It's lunchtime and Peter Englander is buying

September 2001, MIT Sloan alumni page

Peter Englander vividly recalls the words of Sloan finance Professor Robert Merton: “In financial markets, there's no such thing as a free lunch.” It's only in accepting risk, in other words, that opportunities for great return open up.

It was an apt lesson for someone who would go on to become a Director of Apax Partners & Co. Ventures Ltd., a London-based venture-capital company, which has just raised a latest Fund of €4.4 billion for investment in Europe.

Englander takes responsibility for information technology and Internet-related investments. He also sits on the investment committee and chairs the UK exit committee to oversee realization of the firm's UK investments.

Englander is understated when asked about Apax involvement in one of the largest buy-outs ever effected in Europe: the purchase of Yell, the UK Yellow Pages, from British Telecom. He calls the purchase “a very interesting investment.” And, explaining that the size of the acquisition led the firm's investment committee to take an especially active role, he comments simply that the firm's process yielded “a successful conclusion.”

Keeping standards up

Englander estimates he has read 4000 to 5000 business plans since he joined the firm at its startup in 1981. Today he spends less time evaluating them himself and more time passing his expertise on to others.

He continues to sit on the boards of several companies and to invest because “I wouldn't like to be out of it entirely.” But he finds mentoring just as rewarding, though he does acknowledge it is hard work. “We're all about the quality of human capital, so keeping standards up is part of the challenge.”

There is also the challenge of dealing with the current slowdown in the technology marketplace. Apax wisely limited its exposure in the dot-com arena, but even so, Englander sighs, “It's no fun working with good people who work hard, and then, because the market falls away, cannot raise the amount of financing they need.”

Nonetheless, he acknowledges the firm has been fortunate, citing its leadership position in Europe. And he allows it has been exciting to have contributed to its success from the start.

Giving something back

Looking back, Englander views his career as a chain of events set in motion when he was awarded a Kennedy Scholarship to Sloan. From there, he notes, it was simply a matter of “being in the right place at the right time.”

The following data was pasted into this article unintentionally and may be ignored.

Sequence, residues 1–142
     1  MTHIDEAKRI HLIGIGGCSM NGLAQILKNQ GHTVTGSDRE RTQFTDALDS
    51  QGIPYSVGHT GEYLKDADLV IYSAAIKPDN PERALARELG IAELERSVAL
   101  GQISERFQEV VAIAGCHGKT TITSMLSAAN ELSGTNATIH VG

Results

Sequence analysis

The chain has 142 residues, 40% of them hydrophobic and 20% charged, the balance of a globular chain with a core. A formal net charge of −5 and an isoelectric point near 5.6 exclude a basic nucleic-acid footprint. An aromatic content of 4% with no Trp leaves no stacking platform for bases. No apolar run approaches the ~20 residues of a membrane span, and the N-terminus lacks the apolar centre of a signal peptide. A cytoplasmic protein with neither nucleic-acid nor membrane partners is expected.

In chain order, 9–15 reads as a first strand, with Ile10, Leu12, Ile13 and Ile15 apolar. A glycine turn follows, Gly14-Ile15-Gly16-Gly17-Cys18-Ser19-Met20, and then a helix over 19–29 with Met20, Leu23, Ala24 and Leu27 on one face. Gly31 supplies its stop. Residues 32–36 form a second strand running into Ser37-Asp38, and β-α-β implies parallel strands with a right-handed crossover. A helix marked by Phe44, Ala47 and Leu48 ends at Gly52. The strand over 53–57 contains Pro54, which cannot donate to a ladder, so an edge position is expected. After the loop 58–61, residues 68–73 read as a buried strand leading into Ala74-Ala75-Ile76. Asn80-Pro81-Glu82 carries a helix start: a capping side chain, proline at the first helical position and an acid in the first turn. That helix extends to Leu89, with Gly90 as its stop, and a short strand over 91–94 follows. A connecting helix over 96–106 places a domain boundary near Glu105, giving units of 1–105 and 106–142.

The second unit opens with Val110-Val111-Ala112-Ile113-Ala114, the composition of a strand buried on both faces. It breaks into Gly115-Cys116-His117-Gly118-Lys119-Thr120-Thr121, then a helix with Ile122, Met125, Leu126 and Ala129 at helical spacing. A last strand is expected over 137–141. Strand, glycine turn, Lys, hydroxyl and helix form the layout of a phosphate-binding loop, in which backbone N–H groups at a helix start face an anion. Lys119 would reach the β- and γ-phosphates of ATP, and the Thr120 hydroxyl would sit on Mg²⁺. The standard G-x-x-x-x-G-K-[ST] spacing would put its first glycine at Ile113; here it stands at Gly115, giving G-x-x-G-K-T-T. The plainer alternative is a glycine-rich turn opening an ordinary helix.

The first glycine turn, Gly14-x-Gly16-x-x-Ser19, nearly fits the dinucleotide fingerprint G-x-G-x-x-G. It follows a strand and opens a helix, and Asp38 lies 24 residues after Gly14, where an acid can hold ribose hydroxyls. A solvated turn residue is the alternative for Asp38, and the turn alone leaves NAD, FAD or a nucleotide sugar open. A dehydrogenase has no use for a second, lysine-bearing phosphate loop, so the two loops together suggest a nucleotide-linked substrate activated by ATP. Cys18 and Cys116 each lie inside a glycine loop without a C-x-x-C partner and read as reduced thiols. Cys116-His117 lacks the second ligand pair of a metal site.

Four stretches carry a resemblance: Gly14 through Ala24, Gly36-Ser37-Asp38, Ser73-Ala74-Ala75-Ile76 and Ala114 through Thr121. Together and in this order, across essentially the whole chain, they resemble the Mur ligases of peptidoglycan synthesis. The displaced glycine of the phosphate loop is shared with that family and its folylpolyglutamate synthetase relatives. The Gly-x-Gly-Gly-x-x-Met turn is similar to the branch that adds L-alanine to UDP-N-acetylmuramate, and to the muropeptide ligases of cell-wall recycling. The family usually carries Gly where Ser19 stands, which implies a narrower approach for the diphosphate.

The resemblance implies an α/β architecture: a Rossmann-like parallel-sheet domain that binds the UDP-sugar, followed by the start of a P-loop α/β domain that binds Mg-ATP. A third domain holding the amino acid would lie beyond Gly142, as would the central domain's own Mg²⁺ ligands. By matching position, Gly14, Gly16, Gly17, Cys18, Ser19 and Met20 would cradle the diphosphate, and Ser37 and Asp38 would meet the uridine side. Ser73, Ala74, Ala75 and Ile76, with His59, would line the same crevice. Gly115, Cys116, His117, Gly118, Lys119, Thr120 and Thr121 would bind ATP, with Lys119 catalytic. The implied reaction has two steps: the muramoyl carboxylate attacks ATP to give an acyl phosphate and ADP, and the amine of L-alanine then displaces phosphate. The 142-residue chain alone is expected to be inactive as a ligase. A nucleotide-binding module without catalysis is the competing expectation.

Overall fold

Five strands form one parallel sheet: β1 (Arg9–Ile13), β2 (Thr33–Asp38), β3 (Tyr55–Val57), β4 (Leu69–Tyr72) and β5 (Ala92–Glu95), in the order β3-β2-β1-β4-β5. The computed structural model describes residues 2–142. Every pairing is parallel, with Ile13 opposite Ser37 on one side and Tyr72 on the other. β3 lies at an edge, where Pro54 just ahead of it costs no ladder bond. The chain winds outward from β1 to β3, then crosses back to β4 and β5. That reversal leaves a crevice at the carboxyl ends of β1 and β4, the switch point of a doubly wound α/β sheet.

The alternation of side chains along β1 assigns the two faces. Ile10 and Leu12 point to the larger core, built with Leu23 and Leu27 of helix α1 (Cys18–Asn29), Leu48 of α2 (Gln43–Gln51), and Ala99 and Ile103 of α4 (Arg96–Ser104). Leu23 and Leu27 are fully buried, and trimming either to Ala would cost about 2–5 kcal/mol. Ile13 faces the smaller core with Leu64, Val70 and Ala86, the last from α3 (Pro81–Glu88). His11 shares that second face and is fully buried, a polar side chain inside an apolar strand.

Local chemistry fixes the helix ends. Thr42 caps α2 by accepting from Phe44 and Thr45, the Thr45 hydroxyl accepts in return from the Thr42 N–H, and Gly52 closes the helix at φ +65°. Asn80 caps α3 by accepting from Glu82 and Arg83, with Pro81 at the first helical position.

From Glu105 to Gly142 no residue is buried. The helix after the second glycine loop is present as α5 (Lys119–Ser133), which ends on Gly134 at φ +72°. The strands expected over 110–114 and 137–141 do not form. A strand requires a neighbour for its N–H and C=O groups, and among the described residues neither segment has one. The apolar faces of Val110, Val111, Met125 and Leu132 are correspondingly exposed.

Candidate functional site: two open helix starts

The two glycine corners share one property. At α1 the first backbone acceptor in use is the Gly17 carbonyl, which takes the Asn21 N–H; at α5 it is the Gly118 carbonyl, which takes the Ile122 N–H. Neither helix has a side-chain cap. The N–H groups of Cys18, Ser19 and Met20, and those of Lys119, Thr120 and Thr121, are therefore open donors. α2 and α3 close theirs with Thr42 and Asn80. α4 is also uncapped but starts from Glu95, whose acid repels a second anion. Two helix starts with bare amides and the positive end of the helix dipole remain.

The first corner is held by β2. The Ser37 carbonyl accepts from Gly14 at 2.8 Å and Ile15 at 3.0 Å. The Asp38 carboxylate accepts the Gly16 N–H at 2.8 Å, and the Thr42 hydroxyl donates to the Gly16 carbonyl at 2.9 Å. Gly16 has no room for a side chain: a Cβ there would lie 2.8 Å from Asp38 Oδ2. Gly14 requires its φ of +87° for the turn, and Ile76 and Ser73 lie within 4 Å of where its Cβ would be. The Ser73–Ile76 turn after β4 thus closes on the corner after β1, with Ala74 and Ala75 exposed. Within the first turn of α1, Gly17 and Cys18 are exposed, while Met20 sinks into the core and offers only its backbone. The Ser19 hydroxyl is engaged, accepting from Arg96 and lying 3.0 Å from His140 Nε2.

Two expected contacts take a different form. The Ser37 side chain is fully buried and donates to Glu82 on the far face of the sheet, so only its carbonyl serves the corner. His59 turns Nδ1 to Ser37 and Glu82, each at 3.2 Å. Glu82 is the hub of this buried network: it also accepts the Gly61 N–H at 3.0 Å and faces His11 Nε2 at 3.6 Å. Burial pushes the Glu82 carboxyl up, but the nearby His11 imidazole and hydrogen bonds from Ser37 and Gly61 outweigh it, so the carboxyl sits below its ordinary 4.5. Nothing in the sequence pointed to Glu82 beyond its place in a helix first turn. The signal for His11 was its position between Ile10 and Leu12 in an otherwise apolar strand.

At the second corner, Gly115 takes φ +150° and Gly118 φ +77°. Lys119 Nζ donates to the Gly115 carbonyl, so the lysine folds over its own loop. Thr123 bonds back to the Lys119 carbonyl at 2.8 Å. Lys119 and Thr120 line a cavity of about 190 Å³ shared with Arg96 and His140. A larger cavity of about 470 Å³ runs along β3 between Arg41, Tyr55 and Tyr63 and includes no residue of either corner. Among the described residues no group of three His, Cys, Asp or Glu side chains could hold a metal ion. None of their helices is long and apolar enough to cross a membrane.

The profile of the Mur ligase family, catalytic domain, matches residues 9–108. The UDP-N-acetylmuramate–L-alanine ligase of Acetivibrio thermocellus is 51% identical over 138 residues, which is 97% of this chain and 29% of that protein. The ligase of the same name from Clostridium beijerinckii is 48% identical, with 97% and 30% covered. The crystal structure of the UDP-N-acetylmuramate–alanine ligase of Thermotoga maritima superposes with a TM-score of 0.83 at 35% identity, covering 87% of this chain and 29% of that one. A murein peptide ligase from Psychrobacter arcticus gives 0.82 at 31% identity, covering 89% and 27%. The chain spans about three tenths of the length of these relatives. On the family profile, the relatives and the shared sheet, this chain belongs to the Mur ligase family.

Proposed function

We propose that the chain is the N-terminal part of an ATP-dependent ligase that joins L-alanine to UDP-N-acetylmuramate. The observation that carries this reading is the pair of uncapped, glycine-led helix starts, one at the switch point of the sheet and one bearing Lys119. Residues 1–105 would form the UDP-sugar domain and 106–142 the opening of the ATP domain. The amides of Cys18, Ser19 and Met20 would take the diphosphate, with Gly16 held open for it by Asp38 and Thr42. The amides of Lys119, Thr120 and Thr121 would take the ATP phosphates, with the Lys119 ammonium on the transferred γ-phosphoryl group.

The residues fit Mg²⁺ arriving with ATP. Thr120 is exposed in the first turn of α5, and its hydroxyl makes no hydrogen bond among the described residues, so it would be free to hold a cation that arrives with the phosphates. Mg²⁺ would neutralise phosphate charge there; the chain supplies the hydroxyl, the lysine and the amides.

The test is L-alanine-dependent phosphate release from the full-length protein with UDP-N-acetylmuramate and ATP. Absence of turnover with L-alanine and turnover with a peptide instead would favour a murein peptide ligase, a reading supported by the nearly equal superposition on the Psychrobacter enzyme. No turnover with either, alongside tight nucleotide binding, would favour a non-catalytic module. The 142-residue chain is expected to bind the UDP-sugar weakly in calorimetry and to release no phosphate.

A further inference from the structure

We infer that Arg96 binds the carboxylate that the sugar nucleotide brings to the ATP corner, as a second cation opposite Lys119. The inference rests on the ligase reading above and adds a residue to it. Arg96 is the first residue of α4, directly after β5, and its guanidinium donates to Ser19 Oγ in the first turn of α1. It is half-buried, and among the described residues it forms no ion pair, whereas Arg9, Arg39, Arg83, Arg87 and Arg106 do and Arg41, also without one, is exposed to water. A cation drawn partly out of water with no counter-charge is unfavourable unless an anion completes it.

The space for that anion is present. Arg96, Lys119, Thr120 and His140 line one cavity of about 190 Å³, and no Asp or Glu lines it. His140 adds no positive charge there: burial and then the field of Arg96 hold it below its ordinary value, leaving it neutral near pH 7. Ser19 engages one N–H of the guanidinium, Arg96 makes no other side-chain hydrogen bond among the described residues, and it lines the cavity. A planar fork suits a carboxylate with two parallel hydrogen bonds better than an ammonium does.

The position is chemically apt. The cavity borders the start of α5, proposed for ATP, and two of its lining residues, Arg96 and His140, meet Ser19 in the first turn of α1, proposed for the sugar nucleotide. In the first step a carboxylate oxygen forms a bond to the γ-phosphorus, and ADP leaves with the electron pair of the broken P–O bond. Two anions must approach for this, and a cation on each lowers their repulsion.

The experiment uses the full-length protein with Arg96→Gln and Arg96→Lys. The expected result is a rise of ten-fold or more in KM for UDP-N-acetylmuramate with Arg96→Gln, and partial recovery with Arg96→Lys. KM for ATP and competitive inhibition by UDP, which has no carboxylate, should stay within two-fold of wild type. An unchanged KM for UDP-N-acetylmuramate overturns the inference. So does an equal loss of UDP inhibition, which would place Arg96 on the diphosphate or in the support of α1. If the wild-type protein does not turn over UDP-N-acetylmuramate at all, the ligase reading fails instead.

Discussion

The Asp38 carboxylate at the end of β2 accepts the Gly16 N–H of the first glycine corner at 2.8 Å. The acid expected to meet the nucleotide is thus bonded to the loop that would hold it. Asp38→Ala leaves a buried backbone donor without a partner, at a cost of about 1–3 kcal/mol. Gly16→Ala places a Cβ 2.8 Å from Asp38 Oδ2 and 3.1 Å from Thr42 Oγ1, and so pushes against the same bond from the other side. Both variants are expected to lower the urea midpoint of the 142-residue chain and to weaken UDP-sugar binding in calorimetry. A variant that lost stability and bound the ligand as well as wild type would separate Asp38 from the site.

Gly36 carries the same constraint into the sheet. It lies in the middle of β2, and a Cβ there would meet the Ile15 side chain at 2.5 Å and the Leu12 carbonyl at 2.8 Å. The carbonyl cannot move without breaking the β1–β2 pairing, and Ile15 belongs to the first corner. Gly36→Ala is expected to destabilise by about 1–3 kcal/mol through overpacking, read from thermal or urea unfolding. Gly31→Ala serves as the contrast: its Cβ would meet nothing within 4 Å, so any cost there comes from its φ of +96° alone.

After Sloan and a stint at the Boston Consulting Group, he earned his PhD at the London Business School. In the process he met Apax founder and Chairman Sir Ronald Cohen, and became the first Apax employee, a consultant in corporate finance. His adventures in venture capital began when Sir Ronald raised his first fund and invited him to work on it.

Englander credits his Sloan education for giving him the analytical framework on which to build his knowledge of financial decision-making. And he says it was at Sloan that he began to gain confidence.

So it's only natural that he would want to give something back. And only natural that the gift would take the form of full tuition scholarships: one a year for the next four years. His goal is to bring to Sloan bright students from the U.K. who wouldn't otherwise be able to afford the opportunity.

Whether he realizes it indirectly, through scholarships, or directly, to members of his firm, Englander clearly sees knowledge transfer as one of his most important contributions. And of all the lessons he tries to pass on, one stands out: “Achieve a reasonable balance. See the positives for what they are, and recognize the risks. In other words,” he laughs, “there's no such thing as a free lunch.”

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MIT Sloan alumnus Carly Fiorina, SF '89, former chairman, president, and CEO of Hewlett-Packard, has changed traditional assumptions about high-tech leadership.